Contact CI

Russ has never seen this blog, but his co-author keeps him apprised of the commentary he receives on his posts.

To contact Russ, please send an email to captainincarcerated@gmail.com and the co-author can forward its contents via snail mail to him. You can also leave a comment on his posts and the co-author will relay it.

Thank you so much for your interest and readership!

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4 thoughts on “Contact CI

  1. While I don’t know the blogger or the “captain”, I will note that in the information section they clearly state that they are not providing a lot of details to avoid having him deal with possible retribution and/or negative impact on any of the processes to get his freedom back.

    That said, think about it. He was a military officer serving in a war zone. The major choices here would be murder, financial crimes (stealing government funds/goods), and assault/sexual charges. Given the few details provided, my guess would be that he was likely convicted as an officer for the behavior of troops under his command. Officers can be held criminally responsible for the acts of those under their command in certain circumstances. My best guess is that Russ is in this category. None of the other options really make sense (assuming everything you read here is true).

    Having been a military officer, I can see how something like this could happen.

    • Your theory is not supported by what has been presented.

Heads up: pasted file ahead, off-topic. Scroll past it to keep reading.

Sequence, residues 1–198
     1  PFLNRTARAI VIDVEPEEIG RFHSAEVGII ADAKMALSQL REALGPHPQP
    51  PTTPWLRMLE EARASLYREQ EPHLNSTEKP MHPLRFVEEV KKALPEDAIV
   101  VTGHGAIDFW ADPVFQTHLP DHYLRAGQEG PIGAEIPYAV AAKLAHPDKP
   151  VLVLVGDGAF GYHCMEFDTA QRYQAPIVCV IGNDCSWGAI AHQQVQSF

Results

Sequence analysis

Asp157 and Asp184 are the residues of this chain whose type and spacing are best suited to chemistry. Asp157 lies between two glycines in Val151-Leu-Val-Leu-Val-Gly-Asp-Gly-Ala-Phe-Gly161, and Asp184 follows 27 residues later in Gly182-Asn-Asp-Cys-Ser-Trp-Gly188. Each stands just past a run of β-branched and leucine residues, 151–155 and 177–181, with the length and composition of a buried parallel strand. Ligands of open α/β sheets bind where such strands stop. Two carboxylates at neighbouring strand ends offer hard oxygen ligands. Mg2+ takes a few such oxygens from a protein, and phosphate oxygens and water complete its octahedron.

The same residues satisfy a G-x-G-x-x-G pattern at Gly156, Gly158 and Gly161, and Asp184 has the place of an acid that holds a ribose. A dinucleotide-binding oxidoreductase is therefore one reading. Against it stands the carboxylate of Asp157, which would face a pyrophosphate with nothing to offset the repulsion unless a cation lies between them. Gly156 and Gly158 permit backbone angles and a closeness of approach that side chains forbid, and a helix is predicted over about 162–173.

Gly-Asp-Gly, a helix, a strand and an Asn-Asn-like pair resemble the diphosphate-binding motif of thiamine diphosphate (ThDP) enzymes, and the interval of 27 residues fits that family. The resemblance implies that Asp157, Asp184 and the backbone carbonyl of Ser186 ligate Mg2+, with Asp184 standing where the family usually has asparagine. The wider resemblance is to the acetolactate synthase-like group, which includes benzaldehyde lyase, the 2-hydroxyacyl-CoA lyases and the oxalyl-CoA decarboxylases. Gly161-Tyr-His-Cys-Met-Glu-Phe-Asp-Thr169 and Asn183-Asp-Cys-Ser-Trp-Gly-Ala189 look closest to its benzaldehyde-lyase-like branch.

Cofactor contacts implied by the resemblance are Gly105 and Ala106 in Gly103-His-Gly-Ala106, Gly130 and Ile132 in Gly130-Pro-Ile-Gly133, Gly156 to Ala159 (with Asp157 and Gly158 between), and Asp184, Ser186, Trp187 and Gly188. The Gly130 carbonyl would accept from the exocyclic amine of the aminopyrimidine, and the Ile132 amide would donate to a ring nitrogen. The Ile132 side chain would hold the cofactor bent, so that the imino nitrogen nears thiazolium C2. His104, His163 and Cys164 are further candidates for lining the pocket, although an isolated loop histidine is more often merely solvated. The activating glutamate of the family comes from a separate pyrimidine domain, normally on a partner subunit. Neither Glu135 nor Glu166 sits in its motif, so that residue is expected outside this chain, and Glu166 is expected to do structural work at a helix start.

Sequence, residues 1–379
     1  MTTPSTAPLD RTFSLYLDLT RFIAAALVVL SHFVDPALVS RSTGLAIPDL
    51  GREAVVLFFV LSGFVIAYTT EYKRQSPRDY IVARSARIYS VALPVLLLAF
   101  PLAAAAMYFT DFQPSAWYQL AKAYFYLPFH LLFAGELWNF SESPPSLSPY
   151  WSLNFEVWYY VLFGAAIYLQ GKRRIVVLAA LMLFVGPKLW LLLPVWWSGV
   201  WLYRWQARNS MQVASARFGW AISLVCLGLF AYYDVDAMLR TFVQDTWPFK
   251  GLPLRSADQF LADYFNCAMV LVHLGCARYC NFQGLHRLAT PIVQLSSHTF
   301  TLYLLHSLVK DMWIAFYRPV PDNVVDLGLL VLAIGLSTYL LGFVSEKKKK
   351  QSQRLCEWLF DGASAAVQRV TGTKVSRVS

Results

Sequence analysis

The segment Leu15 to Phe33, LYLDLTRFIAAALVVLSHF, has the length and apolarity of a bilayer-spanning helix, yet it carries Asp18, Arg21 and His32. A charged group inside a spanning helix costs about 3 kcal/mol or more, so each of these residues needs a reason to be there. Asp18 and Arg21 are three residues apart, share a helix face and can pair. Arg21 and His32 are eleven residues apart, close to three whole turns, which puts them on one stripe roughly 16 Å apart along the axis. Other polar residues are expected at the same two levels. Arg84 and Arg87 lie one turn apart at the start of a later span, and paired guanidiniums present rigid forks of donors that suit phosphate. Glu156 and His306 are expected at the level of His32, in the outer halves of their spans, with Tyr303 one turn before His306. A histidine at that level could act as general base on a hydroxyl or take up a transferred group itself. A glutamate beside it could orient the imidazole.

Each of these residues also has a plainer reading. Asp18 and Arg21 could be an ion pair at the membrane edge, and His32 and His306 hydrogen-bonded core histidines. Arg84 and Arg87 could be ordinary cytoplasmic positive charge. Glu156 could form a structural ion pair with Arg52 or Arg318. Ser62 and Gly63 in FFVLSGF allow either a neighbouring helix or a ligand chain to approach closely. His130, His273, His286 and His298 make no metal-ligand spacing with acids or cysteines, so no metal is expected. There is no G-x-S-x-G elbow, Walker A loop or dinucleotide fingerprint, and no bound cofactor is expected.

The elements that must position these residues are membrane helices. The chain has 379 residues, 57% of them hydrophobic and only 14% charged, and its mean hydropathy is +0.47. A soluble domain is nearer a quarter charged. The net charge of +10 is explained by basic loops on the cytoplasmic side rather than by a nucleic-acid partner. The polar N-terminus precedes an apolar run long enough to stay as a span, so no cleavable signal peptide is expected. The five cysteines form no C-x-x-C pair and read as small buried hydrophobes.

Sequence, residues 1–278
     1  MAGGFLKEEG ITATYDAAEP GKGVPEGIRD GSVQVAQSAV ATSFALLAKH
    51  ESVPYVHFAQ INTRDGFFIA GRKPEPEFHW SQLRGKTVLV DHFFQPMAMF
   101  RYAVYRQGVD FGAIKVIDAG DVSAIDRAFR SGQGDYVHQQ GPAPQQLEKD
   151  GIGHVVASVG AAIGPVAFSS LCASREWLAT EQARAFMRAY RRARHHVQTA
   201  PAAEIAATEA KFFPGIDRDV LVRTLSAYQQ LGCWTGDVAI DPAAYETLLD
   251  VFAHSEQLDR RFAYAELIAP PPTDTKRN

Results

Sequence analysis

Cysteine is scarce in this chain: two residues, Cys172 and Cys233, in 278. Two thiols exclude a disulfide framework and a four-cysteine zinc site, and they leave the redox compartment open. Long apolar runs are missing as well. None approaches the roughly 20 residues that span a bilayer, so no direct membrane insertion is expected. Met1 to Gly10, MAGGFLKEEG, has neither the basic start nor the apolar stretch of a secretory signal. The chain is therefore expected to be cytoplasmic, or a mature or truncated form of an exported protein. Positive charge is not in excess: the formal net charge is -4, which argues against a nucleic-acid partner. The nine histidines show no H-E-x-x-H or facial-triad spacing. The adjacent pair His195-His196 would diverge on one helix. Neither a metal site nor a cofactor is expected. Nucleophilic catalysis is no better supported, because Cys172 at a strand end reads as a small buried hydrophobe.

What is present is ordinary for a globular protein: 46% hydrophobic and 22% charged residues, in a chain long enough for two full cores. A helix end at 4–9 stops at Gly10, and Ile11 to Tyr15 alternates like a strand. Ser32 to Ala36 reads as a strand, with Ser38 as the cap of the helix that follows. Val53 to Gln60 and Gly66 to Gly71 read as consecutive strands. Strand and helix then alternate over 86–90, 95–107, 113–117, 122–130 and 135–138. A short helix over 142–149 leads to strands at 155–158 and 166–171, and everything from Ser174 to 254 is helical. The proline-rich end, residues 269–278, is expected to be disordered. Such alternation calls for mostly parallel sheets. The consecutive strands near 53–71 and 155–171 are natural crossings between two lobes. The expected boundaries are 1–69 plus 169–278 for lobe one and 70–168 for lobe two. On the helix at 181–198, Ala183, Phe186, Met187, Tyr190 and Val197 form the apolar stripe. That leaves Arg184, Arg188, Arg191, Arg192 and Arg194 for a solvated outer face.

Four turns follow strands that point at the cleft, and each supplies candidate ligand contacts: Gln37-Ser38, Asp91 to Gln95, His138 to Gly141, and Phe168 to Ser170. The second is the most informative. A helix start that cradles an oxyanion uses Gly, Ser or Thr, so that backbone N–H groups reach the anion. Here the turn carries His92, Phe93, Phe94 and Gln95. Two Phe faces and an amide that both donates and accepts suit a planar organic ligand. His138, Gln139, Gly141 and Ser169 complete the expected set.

1) From the 28 October 2011 entry:

      “My choice to maintain my innocence netted me a six year sentence. It doesn’t matter that I didn’t commit a crime – or that the detective, a 25 year veteran of the police force who was called to the scene, said as much under oath. I should have just pled guilty.”

      So the incident did not happen in a war zone. It also apparently happened in an area with civilian jurisdiction. There was an issue of whether a crime actually occurred. If you add all of that together, it only leaves one or two potential crimes. .

      Supporting this, later in the same post, he states:

      “The cherry on top? I’ll have to undergo “treatment” for the crime I was convicted of.”

      Fraud, or failure to control ones subordinates, or violation of the laws of armed conflict, does not typically include ‘treatment’ as part of the sentence.

      2) The idea that there is some kind of need to keep a low profile with the USDB or the army criminal justice system is a bit crazy. There are ~450 inmates at the USDB. A small number of these are officers. A fraction of those are Army officers. Given a rough date of entry, it would be trivial for a USDB official to figure out exactly who he was.

      • It’s true that Russ’s identity could easily be sussed out by a determined staff member at the USDB or, with the help of a friend on the outside, a curious inmate. (Russ has heard a few of them discussing Captain Incarcerated!)
        The purpose of this blog is to help Russ (and maybe some readers) through a difficult time, not ruffle feathers. Russ and others in his situation have very few rights, very little standing and a lot of vulnerabilities. It wouldn’t shock or dismay us if someone discovered his real name or his crime, but neither bit of information is vital to the fulfillment of this blog’s purpose and omitting both insulates him a little. Going into such detail may seem irresponsible to people who have the power to determine Russ’s fate.

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